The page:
The Adoption and Diffusion of Web Technologies into Mainstream Teaching
Save to My Collections
SALTER, G. & HANSEN, S. (2001). The Adoption and Diffusion of Web Technologies into Mainstream Teaching. Journal of Interactive Learning Research, 12(2), 281-299. Norfolk, VA: AACE.
Retrieved from http://www.editlib.org/p/8423.
Journal of Interactive Learning Research
Volume 12, Issue 2, 2001
Association for the Advancement of Computing in Education (AACE) Norfolk, VA
More Information on JILR
This article discusses various adoption and diffusion frame-works and methodologies to enhance the use of web technol-ogies by teaching staff. It covers a descriptive framework based heavily on work by Rogers (1995) and puts forward the use of adopter-based models for product development. A two-pronged approach is suggested, one making use of the adopter-based models for staff uptake and the other making use of the Rogers innovation-decision process. In particular, based on surveying and the subsequent development of an example web information system called PlatformWeb, the full integration of an educational institution's administration with its teaching delivery system is recommended.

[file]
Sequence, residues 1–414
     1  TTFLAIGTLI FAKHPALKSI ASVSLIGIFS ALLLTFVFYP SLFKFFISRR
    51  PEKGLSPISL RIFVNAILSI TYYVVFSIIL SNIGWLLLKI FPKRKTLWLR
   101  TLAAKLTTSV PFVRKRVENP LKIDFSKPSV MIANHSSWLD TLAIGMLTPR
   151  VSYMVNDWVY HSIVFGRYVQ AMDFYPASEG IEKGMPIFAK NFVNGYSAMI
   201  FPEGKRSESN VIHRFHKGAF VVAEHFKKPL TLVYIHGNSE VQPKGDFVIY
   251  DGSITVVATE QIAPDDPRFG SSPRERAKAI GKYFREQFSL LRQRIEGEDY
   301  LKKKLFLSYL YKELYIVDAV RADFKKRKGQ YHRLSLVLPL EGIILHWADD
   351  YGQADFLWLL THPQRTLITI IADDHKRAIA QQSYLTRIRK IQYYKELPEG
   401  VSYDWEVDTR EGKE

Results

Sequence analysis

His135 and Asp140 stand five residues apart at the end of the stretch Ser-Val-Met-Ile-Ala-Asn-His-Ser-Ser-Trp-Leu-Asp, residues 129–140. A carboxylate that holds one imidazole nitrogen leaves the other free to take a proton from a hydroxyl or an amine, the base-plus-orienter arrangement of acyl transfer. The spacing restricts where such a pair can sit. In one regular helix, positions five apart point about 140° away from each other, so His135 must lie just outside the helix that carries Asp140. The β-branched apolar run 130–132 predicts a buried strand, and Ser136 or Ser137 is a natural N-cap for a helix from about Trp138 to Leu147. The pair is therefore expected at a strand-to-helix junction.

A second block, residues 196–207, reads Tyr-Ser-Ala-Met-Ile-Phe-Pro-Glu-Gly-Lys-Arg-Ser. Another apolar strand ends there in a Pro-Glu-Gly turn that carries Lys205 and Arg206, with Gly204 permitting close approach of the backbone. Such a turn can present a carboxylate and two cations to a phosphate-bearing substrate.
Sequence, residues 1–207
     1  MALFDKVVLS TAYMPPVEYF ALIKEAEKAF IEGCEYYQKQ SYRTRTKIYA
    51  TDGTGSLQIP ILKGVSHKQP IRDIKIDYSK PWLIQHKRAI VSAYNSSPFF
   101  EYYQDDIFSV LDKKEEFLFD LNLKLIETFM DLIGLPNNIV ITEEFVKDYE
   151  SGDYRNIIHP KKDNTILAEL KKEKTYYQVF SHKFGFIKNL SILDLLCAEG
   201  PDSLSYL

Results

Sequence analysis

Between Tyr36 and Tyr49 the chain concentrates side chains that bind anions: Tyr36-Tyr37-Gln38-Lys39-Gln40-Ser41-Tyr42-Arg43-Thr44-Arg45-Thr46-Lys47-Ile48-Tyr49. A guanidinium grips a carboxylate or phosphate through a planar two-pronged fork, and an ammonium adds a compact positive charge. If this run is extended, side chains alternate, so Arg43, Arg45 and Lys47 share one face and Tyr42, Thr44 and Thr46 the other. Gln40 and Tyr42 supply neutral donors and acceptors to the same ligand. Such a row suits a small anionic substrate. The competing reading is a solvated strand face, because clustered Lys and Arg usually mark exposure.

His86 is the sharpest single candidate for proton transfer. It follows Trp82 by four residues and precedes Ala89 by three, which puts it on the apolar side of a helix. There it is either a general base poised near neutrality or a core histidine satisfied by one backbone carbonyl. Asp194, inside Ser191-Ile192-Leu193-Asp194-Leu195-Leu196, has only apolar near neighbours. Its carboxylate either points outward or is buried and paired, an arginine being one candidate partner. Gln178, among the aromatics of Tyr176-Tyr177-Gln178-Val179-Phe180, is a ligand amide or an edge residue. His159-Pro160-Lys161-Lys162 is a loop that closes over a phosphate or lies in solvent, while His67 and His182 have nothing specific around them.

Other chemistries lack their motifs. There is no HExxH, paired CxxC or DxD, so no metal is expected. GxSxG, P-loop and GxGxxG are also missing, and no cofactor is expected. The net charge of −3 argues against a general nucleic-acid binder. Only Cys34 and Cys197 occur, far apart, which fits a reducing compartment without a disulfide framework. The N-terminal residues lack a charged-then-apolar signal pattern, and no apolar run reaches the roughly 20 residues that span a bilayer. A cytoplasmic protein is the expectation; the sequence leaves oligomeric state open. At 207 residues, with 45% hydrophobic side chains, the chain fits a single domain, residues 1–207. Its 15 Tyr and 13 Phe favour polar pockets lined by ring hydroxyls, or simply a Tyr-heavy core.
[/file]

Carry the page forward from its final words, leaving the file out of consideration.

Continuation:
- A Study of the Influences and Barriers to Faculty Use of Instructional Technology in Higher Education
- Teacher Adoption of Technology: A Perceptual Control Theory Perspective
- Institutional Change and Resistance: Teacher Preparatory Faculty and Technology Integration
- Experiences from the use of streaming video to support the students’ learning.
- Creating web-based programs for international delivery: Curriculum and faculty concerns
- Streaming Media in Schools: Patterns of Systemic Implementation and Use
- Constructing a streaming video-based learning forum for collaborative learning
- Distance Makes No Difference, using streaming video to enhance curriculum K-12
- Introducing Video streaming Technology to Meet the Needs of All Learners:Pre-professional And Graduate Student Experiences
- Elementary Principals as Technology Instructional Leaders
Comments & Discussion
Comment on the paper above. You must be registered to participate. Registration is free.